Park and Ride

Anyone following sports in the Twin Cities over the past 20 years knows that whether the hometown team won or lost wasn't always as important as where they played the games. The first substantive sports story to appear in City Pages (then known as Sweet Potato) quoted the superintendent of the old Met Stadium acknowledging that the prospect of indoor baseball at the Metrodome made him "shudder a little bit." Sports fans and City Pages scribes have been cringing at the ugly pincushion ever since--but still prefer it to the fat-cat con artistry of taxpayer-financed alternatives.

While the Dome debate, the Target Center buyout, and St. Paul mayor Norm Coleman's hockey palace have all figured prominently in City Pages' coverage, the paper hasn't overlooked the more beguiling, human aspects of sports. Between a steady regimen of cover stories and news items, Craig Cox regularly made the pilgrimage south for the Twins' spring training and was one of the first baseball beat writers to proclaim that the 1987 World Champions were legit. (In covering Gophers basketball, Cox also made some prescient observations about the difficult balancing act between academics and athletics confronting coach Clem Haskins.)

Under Steve Perry, annual baseball issues melded extensive previews of the local nine with pungent analysis from baseball union rep Marvin Miller and Sabrmetrics guru Bill James, plus an offbeat feature story or two. Luring writer Ann Bauleke away from the Reader was a coup for this paper, for no one in town humanized athletes with the empathy and incisive eye for detail that she brought to the ballpark. Confronted by years of condescending and discriminatory treatment from then Twins media relations head Tom Mee and other members of the team's front office and staff (not to mention the good ol' boys in the press corps), Bauleke, an exceedingly gentle soul, finally erupted with a brilliant column that skirted p.c. cant and eloquently laid out how and why she was being denied the access accorded her male peers. Not coincidentally, she eventually "burned out" on baseball writing.

Over the past two seasons, the baseball beat has benefited from the wit and wisdom of Brad Zellar, while Zellar's buddy Mike Mosedale has shored up the paper's football and boxing coverage during his year on the City Pages staff.

As a die-hard basketball junkie, I have been fortunate enough to cover the Timberwolves (and occasionally the Gophers) for the paper since 1991, a period that has seen the team evolve from the dunderheaded Bob Stein and Jimmy Rodgers to the (mostly) shrewd machinations of Kevin McHale and Flip Saunders, best summed up by the arrival and blossoming of Kevin Garnett, who seems destined to become the greatest athlete ever to don a Minnesota uniform. If Garnett's $121 million contract symbolizes the extent to which sports have become infected by the glitz and greed of show biz, his smile and style of play reaffirms why, for those of us who write or read about what we watch, the joy of the games will persevere.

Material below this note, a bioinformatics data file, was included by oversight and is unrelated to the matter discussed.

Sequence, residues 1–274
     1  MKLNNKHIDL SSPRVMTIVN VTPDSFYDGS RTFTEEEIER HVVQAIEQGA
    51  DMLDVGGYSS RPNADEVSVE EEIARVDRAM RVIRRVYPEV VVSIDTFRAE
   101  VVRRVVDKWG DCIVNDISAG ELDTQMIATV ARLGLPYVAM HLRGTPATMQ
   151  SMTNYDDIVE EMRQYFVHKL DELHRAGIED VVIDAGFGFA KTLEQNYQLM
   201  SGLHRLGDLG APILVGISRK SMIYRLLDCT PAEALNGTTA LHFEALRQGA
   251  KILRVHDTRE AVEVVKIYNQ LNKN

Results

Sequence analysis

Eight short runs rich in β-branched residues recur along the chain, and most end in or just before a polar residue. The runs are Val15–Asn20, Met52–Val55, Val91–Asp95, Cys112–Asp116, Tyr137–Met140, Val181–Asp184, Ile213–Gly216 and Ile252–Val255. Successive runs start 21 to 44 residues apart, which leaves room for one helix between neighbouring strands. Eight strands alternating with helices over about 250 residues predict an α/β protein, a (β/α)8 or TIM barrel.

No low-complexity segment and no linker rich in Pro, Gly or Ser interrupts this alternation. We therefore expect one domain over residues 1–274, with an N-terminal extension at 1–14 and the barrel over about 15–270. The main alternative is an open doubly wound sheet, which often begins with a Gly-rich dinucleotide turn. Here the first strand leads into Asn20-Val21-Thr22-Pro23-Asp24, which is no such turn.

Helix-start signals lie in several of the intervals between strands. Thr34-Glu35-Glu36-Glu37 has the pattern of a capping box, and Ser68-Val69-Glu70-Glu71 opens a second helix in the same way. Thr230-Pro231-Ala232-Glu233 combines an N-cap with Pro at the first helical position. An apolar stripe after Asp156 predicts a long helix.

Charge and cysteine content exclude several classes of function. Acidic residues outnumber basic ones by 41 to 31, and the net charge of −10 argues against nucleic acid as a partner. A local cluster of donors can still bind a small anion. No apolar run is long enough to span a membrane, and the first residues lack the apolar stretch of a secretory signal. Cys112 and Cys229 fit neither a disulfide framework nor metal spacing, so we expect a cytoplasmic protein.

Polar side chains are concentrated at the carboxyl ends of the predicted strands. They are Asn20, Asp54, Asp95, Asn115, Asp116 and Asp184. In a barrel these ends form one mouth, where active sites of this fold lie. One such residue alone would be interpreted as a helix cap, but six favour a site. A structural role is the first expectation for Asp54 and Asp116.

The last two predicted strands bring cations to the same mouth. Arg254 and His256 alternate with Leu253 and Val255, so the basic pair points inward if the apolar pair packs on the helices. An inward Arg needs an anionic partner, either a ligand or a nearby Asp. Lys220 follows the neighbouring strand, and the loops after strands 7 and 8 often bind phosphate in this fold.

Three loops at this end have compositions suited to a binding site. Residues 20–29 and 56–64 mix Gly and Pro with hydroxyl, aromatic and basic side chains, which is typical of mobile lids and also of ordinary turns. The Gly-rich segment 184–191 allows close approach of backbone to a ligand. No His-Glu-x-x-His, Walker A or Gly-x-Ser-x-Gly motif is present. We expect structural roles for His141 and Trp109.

Cal Griffith and Carl Pohlad circled each other like doddering sumo wrestlers as they tried to squeeze the last possible dollar out of the deal. In the meantime, it was easy to overlook the fact that baseball is more than an investment opportunity.

Ann Bauleke, July 25, 1984


What the Twins want, in a nutshell, is for all of us to get together and buy them a new ballpark more deliberately tailored to a well-to-do clientele that will make the Pohlads a lot more money. The public, understandably, does not want to go along. So a number of the best minds in local politics and finance are now consumed with finding the most artful means of skirting the popular will.

Steve Perry, October 16, 1996


Finally, the advanced age of the Civic Center may make all these negotiations moot--or provide a Trojan horse for the construction of a new facility....We haven't heard anything from Mayor Coleman about a brand-new hockey arena in St. Paul. At least not yet.

Britt Robson, January 29, 1997


[T]he North Carolina option is full of holes: [Don] Beaver wants to move the club to the 46th-largest media market, where he must spend millions to upgrade a ballpark that currently holds just 10,000, while he awaits a $150 million stadium referendum that's more unpopular in the polls than the proposal here. Further, Beaver has no season-ticket holders or upfront fan money for his venture, and the NHL franchise that just came to the Triad is drawing squat.

Page Three column, October 8, 1997


No doubt Philadelphia Phillies owner Bill Giles spoke for many of his colleagues when he told the Star Tribune last week that he wouldn't approve [Twins owner Carl] Pohlad's sale to Beaver until funding is secured for a proper facility in Carolina....A canny businessman who is not used to being outmaneuvered, [Pohlad] obviously didn't anticipate that the local community would be shrewd enough--and disgusted enough--to call his bluff.

Britt Robson, December 3, 1997


Even with the recent slump, the team is playing better than it has in years--yet nobody's getting excited...people are suspicious of success, hesitant to stick their necks out and believe this team is for real. Believe it.

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